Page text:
The gastric bypass procedure can be performed using the less-invasive laparoscope. This technique allows the surgeon to make smaller incisions, which lowers the risk of large scars and hernias after the procedure. First, small incisions are made in your abdomen. The surgeon then passes slender surgical instruments through these narrow openings. A small camera is also inserted through one of these incisions and the surgery is performed using a video monitor.

Laparoscopic gastric bypass is a far more effective weight loss operation than laparoscopic gastric banding. Data regarding both short-term (2 years) and long term (10 or more years) weight loss demonstrate better results with gastric bypass.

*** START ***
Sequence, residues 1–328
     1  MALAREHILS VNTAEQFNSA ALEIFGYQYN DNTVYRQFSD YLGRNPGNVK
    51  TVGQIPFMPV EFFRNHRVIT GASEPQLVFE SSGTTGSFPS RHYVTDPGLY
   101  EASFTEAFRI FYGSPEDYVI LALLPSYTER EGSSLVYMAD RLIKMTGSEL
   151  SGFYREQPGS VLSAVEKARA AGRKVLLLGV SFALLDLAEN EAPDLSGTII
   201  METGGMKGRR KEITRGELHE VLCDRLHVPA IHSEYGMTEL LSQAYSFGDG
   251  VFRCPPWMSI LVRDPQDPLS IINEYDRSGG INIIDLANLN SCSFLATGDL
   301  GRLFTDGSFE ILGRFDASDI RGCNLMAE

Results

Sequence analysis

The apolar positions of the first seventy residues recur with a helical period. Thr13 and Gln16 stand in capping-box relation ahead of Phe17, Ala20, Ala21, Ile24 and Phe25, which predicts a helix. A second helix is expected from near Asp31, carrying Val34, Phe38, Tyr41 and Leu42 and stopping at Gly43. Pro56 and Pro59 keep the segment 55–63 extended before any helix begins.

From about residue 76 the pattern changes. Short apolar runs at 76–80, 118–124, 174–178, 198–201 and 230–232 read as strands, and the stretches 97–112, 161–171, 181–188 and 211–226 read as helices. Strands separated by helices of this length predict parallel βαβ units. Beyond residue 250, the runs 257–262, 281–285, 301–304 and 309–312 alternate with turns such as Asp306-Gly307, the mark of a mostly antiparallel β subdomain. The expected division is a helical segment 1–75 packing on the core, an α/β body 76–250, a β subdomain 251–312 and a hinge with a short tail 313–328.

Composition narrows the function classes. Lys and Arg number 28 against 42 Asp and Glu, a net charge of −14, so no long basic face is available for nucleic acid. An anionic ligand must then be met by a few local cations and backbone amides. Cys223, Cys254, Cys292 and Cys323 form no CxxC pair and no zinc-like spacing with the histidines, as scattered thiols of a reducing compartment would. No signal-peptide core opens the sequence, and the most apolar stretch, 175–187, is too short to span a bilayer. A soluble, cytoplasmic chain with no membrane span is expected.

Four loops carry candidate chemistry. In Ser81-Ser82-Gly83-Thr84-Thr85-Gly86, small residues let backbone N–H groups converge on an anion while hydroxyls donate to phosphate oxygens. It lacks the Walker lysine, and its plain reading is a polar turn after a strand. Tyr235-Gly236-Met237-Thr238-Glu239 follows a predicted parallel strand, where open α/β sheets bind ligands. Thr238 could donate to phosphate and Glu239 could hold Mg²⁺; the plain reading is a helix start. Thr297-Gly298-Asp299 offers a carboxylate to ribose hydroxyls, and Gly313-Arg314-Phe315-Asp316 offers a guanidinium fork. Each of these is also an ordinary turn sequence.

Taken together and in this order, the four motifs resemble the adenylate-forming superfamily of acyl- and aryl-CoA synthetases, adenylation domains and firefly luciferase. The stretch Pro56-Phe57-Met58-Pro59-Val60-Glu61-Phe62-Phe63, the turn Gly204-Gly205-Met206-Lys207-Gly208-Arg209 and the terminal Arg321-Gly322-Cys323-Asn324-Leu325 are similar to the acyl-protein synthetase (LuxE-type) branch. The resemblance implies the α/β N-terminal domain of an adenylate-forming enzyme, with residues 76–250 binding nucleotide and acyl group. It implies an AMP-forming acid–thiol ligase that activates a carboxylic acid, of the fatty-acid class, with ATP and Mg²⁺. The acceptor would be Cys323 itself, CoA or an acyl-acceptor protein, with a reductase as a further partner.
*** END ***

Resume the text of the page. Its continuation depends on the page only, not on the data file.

Not everyone is a candidate for the laparoscopic approach. You may not be a good candidate if you weigh more than 400 pounds or have a body mass index over 60. Patients who have had extensive previous abdominal surgery may also not be candidates for laparoscopy due to scar tissue. Weight-loss results for both the traditional open and the laparoscopic procedure are comparable. Your surgeon will determine the best and safest approach for you.

Who is a candidate?

Gastric bypass surgery may be an option if you are significantly obese and have tried unsuccessfully to lose weight on diet and exercise programs, and are therefore unlikely to achieve significant long-term weight-loss with non-surgical methods.

Gastric bypass surgery is not a quick fix for obesity. It is intended to help those with serious health risks who have not been able to lose weight through diet, exercise, and use of medications. Your commitment to diet and exercise must be very strong, because even after the surgery, you must adhere to these lifestyle changes. Lifestyle changes are a key component of permanent weight loss.